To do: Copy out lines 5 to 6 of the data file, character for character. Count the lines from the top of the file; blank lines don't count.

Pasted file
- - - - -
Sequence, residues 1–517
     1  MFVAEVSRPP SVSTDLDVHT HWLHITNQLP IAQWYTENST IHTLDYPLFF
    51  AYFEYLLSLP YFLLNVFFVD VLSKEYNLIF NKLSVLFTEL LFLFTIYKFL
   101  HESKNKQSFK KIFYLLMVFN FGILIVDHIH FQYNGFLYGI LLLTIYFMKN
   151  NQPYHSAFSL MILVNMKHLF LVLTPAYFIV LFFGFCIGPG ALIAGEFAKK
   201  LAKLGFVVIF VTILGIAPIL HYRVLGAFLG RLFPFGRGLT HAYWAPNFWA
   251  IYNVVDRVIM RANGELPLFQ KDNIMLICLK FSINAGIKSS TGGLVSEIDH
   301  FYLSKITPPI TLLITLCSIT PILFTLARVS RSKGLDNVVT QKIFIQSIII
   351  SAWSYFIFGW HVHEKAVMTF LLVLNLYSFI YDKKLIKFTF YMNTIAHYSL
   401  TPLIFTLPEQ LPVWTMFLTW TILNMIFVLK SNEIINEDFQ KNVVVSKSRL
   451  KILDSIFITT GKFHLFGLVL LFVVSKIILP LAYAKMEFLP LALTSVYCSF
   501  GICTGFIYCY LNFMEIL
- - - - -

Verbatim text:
   151  NQPYHSAFSL MILVNMKHLF LVLTPAYFIV LFFGFCIGPG ALIAGEFAKK
   201  LAKLGFVVIF VTILGIAPIL HYRVLGAFLG RLFPFGRGLT HAYWAPNFWA